How to Protect Yourself: Debt Collections
Source: The Florida Attorney General's Office
A "debt collector" is someone who regularly tries to collect debts owed to others. A debt collector may contact you if you are behind in your payments to a creditor on a personal, family or household debt, or if an error has been made in your account.
A debt collector may contact you in person, or by mail, email, telephone, telegram or fax. However, a collector may not communicate with you or your family with such frequency as can reasonably considered harassing. A debt collector may not contact you at work if the collector knows your employer does not approve, nor may a collector contact you at unreasonable times or places, such as before 8 a.m. or after 9 p.m., unless you agree.
A debt collector is required to send you a written notice within five days after you are first contacted, telling you the amount of money you owe. The notice must also specify the name of the creditor to whom you owe the money and what action you should take if you believe you do not owe the money.
You may stop a collector from contacting you by writing a letter to the agency telling them to stop. Once the agency receives your letter, they may not contact you again except to say there will be no further contact, or to notify you if the debt collector or the creditor intends to take some specific action.
If you do not believe you owe the debt, you may write to the collection agency within 30 days after you are first contacted, saying you don't owe the money. The agency may not contact you after that unless you are sent proof of the debt, such as a copy of the bill.
A debt collector may not harass or abuse anyone. For instance, a collector may not use threats of violence against the person, property or reputation; use obscene or profane language; advertise the debt; or repeatedly or continuously make telephone calls with the intent to harass or abuse the person at the called number. In addition, debt collectors are required to accurately disclose their identities to the person at the called number.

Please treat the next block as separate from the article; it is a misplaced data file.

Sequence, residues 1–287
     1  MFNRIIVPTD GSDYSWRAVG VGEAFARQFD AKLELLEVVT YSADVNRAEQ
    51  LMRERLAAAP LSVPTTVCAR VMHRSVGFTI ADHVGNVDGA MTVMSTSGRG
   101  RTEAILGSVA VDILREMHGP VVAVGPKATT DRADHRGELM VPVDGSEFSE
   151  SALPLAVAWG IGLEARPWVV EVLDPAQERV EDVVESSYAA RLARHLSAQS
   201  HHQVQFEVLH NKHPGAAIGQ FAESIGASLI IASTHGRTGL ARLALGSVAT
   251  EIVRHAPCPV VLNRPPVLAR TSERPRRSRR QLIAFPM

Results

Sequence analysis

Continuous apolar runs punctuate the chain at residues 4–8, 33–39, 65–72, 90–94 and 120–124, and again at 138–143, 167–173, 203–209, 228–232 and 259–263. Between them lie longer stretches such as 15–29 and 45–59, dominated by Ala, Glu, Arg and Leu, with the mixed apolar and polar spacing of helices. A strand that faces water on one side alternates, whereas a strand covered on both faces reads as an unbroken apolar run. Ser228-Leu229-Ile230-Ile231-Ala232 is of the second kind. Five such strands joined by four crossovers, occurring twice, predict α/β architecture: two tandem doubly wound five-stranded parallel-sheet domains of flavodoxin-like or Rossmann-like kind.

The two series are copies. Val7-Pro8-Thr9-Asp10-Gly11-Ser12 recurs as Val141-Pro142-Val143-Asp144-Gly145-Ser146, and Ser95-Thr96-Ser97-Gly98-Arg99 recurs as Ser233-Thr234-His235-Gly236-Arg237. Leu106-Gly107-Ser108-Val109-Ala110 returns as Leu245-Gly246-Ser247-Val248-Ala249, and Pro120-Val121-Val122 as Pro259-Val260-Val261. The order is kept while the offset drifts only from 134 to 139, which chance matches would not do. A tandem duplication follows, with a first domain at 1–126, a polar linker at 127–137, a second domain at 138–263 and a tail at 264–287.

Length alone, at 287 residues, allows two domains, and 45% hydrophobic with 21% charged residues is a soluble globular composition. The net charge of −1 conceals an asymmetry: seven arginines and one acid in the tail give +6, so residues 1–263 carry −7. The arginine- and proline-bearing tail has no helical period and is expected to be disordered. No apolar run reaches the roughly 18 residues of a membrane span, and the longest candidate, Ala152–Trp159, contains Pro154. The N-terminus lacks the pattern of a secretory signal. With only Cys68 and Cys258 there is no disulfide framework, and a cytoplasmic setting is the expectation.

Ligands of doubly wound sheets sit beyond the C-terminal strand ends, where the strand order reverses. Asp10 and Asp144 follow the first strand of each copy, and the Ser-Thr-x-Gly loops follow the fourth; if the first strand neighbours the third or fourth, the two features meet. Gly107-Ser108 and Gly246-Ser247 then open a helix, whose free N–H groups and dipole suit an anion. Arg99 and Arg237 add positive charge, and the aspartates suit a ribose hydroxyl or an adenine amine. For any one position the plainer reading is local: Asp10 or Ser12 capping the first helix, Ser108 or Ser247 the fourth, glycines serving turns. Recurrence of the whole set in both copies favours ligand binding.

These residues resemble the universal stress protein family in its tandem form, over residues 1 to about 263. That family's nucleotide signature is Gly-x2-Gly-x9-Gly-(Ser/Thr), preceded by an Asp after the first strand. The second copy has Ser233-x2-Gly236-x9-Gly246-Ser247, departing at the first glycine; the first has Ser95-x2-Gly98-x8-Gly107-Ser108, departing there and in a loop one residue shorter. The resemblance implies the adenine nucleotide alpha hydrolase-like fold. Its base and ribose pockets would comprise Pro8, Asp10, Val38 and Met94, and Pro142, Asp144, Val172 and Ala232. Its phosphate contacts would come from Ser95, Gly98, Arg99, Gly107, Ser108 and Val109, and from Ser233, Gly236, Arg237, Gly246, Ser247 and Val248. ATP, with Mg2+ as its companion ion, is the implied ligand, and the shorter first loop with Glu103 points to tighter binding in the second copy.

A debt collector may not use false statements, such as falsely implying that they are attorneys, that you have committed a crime, or that they operate or work for a credit bureau or misrepresenting the amount of your debt, the involvement of an attorney in collecting a debt, or indicating that papers sent to you are legal forms when they are not. Debt collectors may not tell you that you will be arrested if you do not pay; that they will seize, garnish, attach, or sell your property or wages unless the collection agency or creditor intends to do so and has a legal right to do so; or that a lawsuit will be filed against you, when they have no legal right to file or do not intend to file such a suit.
Complaints about collection agencies may be filed either with Office of Financial Regulation at http://www.flofr.com/StaticPages/documents/OFR-CCA-103.pdf or with the Federal Trade Commission, Correspondence Branch, Washington, D.C. 20580. You also may file a lawsuit against the collection agency for violating state and/or federal law. If you prevail, you may be awarded your actual damages, as well as attorneys’ fees and costs.
To remind people of their rights – and debt collectors of their obligations – the FTC is featuring a new video available at www.ftc.gov/MoneyMatters, in the section called "Dealing with Debt". The video is also available in Spanish at www.ftc.gov/asuntosdedinero.
In addition, please feel free to read, download, copy, and distribute the FTC's consumer alert available at http://www.ftc.gov/bcp/edu/pubs/consumer/alerts/alt086.shtm and the FTC's Debt Collection FAQs: A Guide for Consumers available at http://www.ftc.gov/bcp/edu/pubs/consumer/credit/cre18.shtm. These and other publications on debt collection and managing debt are also available in Spanish at www.ftc.gov/asuntosdedinero.